France coach Bernard Laporte insists his choice of players for the World Cup in 2007 will be determined by their physical fitness.
Over 50 players were summoned to take part in tests in August and early this month while a third series will take place in a few weeks time.
More tests will be carried out on the squad during the autumn before France face Australia on November 5 in Marseille, Canada on November 12 in Nantes, Tonga on November 19 in Toulouse and finally South Africa a week later at the Stade de France.
''The physical side is extremely important in my eyes,'' said Laporte.
''Our example are the three southern hemisphere nations (Australia, New Zealand and South Africa) as well as England in the north.
''If we want to be competitive at the highest level we must be capable of challenging our rivals in terms of intensity and ability to repeat our efforts for 80 full minutes.''
France travelled to the southern hemisphere in June and July, and were dealt some harsh lessons, losing 27-13 to South Africa and 37-31 to Australia.
''The best in terms of endurance, speed and strength are the teams in the southern hemisphere and in June we took a lot of young players with us so that they could realise that," Laporte added.
''They saw how huge the physical intensity was on a pitch. In Brisbane seven of my guys had cramps. They understood fast.
''That's why those who do not obtain the minimum results required during those physical tests will not be considered competitive for the World Cup.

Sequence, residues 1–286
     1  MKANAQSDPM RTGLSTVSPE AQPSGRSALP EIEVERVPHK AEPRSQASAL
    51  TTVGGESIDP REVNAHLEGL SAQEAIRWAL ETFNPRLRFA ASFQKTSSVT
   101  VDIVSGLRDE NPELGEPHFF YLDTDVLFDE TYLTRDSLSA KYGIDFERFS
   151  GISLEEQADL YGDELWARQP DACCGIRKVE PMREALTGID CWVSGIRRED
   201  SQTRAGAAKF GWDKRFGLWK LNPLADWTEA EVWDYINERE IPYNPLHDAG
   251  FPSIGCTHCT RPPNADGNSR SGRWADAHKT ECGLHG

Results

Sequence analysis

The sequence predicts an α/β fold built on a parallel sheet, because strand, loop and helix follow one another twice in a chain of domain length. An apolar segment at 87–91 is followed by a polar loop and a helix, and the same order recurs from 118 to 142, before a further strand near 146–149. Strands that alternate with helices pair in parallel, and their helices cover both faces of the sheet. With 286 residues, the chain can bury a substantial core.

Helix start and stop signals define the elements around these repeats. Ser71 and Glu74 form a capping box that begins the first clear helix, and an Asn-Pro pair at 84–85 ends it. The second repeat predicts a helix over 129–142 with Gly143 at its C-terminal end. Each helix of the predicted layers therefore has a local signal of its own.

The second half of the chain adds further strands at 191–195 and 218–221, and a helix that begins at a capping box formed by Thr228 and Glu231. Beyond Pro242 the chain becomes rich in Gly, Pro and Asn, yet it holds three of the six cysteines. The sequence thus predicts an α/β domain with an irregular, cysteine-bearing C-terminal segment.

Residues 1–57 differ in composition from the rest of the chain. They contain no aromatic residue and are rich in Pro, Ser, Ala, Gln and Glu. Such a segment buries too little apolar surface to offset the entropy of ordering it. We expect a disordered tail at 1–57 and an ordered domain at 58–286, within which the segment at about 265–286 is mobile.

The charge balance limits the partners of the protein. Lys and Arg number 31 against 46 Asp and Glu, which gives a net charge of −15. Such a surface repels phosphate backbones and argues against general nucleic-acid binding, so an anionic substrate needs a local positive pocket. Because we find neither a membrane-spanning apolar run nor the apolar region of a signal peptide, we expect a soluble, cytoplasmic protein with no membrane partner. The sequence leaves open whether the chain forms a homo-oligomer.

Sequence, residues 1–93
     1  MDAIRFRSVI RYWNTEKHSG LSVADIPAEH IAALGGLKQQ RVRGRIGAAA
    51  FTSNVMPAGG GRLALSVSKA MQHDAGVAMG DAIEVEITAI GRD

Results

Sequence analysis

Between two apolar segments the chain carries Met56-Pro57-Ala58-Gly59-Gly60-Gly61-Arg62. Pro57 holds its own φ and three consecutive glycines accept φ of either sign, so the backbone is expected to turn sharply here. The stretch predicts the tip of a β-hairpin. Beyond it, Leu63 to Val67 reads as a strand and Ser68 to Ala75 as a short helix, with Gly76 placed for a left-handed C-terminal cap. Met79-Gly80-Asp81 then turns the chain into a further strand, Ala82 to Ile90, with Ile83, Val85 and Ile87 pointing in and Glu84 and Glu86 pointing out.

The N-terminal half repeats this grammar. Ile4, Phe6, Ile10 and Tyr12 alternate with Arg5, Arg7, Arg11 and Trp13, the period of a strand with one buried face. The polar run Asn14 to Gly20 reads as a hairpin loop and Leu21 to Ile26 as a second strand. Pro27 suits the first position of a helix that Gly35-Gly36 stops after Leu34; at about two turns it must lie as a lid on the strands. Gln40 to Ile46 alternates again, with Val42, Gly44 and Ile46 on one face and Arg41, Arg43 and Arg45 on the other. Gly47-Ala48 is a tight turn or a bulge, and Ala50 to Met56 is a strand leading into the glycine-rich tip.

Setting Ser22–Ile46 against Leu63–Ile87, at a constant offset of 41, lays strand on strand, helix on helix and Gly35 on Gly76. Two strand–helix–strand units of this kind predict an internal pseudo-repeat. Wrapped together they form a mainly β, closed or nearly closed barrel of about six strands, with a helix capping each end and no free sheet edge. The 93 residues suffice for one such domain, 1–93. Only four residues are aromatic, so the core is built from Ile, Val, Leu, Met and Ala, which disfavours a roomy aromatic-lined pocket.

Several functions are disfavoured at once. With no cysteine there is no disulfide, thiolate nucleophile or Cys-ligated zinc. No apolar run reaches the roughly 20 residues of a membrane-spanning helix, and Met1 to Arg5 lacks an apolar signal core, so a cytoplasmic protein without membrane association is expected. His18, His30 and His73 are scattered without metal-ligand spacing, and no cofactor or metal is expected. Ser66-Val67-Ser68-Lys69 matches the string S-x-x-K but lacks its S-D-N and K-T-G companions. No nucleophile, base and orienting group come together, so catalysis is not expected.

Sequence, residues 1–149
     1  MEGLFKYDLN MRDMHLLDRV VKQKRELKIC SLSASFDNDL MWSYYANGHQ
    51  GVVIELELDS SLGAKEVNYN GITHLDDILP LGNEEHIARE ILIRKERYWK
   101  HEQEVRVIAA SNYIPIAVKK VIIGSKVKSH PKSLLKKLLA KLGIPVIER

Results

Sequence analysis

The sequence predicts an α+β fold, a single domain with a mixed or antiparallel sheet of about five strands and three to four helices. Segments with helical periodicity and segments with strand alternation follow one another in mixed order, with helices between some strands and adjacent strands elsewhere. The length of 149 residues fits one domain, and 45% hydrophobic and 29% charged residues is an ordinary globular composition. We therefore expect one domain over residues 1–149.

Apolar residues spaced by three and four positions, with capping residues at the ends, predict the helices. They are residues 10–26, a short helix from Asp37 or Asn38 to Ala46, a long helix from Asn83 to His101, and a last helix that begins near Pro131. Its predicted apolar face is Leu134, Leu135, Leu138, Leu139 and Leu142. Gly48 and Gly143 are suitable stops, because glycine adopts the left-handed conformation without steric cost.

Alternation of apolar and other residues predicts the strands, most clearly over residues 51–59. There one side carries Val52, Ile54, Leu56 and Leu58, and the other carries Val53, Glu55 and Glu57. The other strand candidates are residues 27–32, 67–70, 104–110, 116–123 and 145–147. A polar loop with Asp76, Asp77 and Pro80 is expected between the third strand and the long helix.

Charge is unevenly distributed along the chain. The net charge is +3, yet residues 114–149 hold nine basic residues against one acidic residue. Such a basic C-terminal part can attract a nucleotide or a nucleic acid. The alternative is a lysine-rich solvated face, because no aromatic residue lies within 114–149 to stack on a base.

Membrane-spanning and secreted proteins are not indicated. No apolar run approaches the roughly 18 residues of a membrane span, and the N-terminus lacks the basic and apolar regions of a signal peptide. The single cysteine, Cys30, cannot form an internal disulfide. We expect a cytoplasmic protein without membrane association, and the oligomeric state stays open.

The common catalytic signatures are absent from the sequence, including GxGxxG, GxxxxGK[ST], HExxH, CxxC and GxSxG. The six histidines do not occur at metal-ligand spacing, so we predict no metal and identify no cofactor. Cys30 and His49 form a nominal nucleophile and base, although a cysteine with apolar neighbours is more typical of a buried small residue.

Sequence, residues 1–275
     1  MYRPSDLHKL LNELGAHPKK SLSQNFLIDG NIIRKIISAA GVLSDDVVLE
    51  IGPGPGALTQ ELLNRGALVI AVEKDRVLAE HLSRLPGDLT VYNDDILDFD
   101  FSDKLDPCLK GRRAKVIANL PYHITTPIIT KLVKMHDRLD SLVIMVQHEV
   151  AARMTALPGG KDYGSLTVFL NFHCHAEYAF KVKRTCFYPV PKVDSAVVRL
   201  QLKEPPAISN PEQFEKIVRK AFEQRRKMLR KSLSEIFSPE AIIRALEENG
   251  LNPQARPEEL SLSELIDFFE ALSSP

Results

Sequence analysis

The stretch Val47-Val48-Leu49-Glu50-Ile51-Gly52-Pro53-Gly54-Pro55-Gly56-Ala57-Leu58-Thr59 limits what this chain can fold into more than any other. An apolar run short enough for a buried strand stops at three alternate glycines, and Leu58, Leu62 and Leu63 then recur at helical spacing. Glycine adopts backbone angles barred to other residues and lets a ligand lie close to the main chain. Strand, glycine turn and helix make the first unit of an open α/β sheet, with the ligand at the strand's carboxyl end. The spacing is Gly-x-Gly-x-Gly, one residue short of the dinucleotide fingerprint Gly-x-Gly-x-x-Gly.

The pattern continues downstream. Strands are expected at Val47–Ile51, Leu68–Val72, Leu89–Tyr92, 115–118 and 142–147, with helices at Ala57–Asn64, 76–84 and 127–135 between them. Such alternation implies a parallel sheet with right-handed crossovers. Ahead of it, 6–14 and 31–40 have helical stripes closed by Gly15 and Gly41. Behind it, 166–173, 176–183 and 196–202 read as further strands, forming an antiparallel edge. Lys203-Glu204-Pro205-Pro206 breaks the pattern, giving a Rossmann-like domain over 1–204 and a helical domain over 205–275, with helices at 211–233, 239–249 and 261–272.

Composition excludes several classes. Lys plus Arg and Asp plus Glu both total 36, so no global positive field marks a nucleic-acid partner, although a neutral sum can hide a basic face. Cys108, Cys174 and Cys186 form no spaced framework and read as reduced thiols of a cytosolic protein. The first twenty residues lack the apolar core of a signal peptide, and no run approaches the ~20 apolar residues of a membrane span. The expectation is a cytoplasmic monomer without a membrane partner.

''The tests will reveal who can come or not. The results of the tests carried in August will be given to me in the next few days and I can't wait to see them.''
Laporte is confident that good physical preparation allied with France's intelligent game can help Les Bleus lift the much-coveted trophy on home soil in less than two years time.
''I know we will be a success,'' he told L'Equipe.
''The most important thing is that in two years time, when we start to play our first match, we feel we have no regrets about our preparation, that we have done what we had to do.
''But the players must take their responsibilities, be motivated, stop watching the others win and fight.
''Winning the World Cup is a magnificent challenge in a player's life.
''A career lasts 10 years but in this case, we are talking about being world champions.
England Under-18 head coach John Fletcher insists his young side will be better for the experience after beating Italy in the bronze final to round out their 2015 Rugby Europe U18 Championship campaign in style.